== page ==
view counter

CybersecurityCybersecurity’s weakest link: humans

By Arun Vishwanath

Published 6 May 2016

There is a common thread that connects many of the recent hacks which captured the headlines. They all employed generic – or what is now considered “old school” – phishing attacks which typically took the form of the infamous “Nigerian prince” type e-mails, trying to trick recipients into responding with some personal financial information. “Spearphishing” attacks are similar but far more vicious. They seek to persuade victims to click on a hyperlink or an attachment that usually deploys software (called “malware”) allowing attackers access to the user’s computer or even to an entire corporate network. Yes, people are the weakest links in cybersecurity. But they don’t have to be. With smarter, individualized training, we could convert many of these weak links into strong detectors – and in doing so, significantly strengthen cybersecurity.

There is a common thread that connects the hack into the sluicegate controllers of the Bowman Avenue dam in Rye, New York; the breach that compromised twenty million federal employee records at the Office of Personnel Management; and the recent spate of “ransomware” attacks that in three months this year have already cost us over $200 million: they were all due to successful “spearphishing” attacks.

Generic – or what is now considered “old school” – phishing attacks typically took the form of the infamous “Nigerian prince” type e-mails, trying to trick recipients into responding with some personal financial information. “Spearphishing” attacks are similar but far more vicious. They seek to persuade victims to click on a hyperlink or an attachment that usually deploys software (called “malware”) allowing attackers access to the user’s computer or even to an entire corporate network. Sometimes attacks like this also come through text messages, social media messages or infected thumb drives.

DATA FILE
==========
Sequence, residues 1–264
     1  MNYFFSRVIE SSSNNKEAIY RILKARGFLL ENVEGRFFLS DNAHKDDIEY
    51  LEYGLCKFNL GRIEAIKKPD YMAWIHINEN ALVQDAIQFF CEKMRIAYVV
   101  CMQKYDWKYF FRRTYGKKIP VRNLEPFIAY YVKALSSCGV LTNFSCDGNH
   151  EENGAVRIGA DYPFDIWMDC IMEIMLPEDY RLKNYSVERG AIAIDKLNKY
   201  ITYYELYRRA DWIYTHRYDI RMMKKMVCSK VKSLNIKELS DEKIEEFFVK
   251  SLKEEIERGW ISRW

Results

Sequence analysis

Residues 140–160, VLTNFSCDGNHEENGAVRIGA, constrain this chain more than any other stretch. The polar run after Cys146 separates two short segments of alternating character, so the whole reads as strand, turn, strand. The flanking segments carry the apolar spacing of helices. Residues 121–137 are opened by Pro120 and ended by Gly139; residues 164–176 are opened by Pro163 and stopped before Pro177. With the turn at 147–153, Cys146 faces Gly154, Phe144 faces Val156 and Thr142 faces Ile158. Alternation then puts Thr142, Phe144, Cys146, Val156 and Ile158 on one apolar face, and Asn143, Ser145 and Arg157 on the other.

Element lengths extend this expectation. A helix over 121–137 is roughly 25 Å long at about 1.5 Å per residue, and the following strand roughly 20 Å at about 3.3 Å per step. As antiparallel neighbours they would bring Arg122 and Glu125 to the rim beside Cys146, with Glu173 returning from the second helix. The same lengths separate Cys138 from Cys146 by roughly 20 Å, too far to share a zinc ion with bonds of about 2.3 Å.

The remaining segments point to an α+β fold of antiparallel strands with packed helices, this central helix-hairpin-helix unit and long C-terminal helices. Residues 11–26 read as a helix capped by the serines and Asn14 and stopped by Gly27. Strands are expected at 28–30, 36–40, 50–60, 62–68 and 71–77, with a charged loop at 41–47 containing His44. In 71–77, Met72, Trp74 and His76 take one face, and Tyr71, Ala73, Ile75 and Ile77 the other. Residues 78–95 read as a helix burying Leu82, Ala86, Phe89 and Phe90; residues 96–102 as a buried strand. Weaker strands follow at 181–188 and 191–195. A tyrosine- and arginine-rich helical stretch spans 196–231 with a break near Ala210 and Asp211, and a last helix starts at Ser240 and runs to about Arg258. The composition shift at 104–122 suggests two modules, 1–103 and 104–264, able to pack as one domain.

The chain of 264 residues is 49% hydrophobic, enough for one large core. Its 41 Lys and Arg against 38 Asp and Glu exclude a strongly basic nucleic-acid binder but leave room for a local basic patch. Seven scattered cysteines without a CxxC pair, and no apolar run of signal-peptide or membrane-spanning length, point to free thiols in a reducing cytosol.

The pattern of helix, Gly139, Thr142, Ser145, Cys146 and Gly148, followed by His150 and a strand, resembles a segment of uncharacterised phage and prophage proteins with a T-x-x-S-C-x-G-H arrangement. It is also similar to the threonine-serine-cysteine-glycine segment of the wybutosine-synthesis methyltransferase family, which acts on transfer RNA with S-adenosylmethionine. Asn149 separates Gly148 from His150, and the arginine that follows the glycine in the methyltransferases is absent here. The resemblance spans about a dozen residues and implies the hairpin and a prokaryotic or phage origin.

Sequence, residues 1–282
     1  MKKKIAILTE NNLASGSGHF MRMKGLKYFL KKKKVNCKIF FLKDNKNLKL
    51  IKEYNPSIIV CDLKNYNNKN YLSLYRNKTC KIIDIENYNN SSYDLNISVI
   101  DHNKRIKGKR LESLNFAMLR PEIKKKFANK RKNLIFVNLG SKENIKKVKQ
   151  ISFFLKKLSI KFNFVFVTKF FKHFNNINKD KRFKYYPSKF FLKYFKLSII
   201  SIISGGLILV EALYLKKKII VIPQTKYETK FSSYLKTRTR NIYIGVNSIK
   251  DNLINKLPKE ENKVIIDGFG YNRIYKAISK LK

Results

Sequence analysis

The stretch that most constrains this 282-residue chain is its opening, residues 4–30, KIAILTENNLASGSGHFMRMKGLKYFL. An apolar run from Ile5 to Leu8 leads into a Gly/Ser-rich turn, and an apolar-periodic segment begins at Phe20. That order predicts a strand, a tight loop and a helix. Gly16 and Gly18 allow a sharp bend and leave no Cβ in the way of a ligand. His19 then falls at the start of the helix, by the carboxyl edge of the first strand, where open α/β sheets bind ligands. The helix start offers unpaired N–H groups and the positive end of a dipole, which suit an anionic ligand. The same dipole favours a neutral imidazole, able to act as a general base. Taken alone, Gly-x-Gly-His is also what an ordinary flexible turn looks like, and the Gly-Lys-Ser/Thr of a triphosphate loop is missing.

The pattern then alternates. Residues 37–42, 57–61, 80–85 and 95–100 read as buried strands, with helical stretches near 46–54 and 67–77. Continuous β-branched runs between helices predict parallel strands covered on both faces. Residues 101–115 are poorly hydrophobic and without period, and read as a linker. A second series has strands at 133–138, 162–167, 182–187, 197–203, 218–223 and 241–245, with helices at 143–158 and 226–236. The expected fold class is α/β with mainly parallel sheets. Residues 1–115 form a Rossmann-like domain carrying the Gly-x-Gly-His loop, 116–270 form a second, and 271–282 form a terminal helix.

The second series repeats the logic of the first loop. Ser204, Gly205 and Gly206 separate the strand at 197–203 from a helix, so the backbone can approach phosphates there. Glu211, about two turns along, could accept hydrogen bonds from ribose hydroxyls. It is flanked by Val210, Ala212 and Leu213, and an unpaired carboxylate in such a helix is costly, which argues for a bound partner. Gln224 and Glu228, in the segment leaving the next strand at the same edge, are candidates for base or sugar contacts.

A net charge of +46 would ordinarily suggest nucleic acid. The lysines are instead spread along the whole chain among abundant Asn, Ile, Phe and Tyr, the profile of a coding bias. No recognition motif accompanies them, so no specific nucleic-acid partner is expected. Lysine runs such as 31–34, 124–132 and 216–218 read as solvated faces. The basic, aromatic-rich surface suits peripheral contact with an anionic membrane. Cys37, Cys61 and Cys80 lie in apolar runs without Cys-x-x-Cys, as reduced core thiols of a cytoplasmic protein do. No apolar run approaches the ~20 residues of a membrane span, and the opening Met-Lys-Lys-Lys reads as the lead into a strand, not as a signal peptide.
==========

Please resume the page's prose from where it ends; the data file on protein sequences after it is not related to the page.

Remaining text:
The sobering reality is there isn’t much we can do to stop these types of attacks. This is partly because spearphishing involves a practice called social engineering, in which attacks are highly personalized, making it particularly hard for victims to detect the deception. Existing technical defenses, like antivirus software and network security monitoring, are designed to protect against attacks from outside the computer or network. Once attackers gain entry through spearphishing, they assume the role of trusted insiders, legitimate users against whom protective software is useless.

This makes all of us Internet users the sole guardians of our computers and organizational networks – and the weakest links in cyberspace security.

The real target is humans
Stopping spearphishing requires us to build better defenses around people. This, in turn, requires an understanding of why people fall victim to these sorts of attacks. My team’s recent research into the psychology of people who use computers developed a way to understand exactly how spearphishing attacks take advantage of the weaknesses in people’s online behaviors. It’s called the Suspicion, Cognition, Automaticity Model (SCAM).

We built SCAM using simulated spearphishing attacks – conducted after securing permission from university research supervision groups who regulate experiments on human subjects to ensure nothing inappropriate is happening – on people who volunteered to participate in our tests.